Astronomers find more evidence of 'magic island' on Saturn's moon

Evan Bartlett@ev_bartlett
Tuesday 11 November 2014 18:20
Science and Tech
Cassini's radar instrument images show that a bright feature appeared in Kraken Mare, Titan's largest sea

Two mysterious-looking features have been spotted on the surface of Saturn's largest moon, Titan, that astronomers believe could be related to the "magic island" seen briefly earlier this year.

In June, the Cassini satellite saw the brief appearance and then disappearance of the so-called magic island, a feature of about 100 miles across which was thought to be possible evidence of waves on the moon.

The satellite then took images of Titan's largest sea, Kraken Mare (made up of hydrocarbons rather than water), on a fly-by in August, near the mouth of a flooded river valley and analysis of them is said to have uncovered "two new bright features" (one of which can be seen below).

A release by Nasa says: "[the] data suggest the new features might have similarities to places in and around the seas that the Cassini team has interpreted as waves or wet ground."

After ten years there, Titan still can surprise us. Titan has dunes, lakes, seas, even rivers. All this makes Titan an explorer's utopia.

We are likely to see more islands showing up. These lakes and seas are dynamic places.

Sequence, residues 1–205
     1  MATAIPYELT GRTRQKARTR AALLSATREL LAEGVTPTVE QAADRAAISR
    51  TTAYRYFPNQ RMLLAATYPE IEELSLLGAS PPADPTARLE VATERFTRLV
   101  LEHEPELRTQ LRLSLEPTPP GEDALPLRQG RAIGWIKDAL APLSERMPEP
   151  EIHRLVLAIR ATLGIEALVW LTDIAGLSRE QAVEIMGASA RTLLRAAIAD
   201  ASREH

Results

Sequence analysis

• Alexander Hayes, Cornell University

Their measurements also collected height data, and allowed them to calculate the depths of the sea, although they said that some areas were either too deep to be measured, or the infrared signals "might simply have been absorbed by the liquid".

Titan is thought to be the only other planet or moon in the solar system with "stable liquid" on its surface similar to that found on Earth, according to National Geographic.

According to the release, "Cassini will perform this experiment one last time in January 2015" in a bid to measure the depth of one of Titan's smaller seas - Punga Mare.

More: Here's what made Reid Wiseman the internet's new favourite astronaut

More: Astronomers take clearest ever photo of new planets being born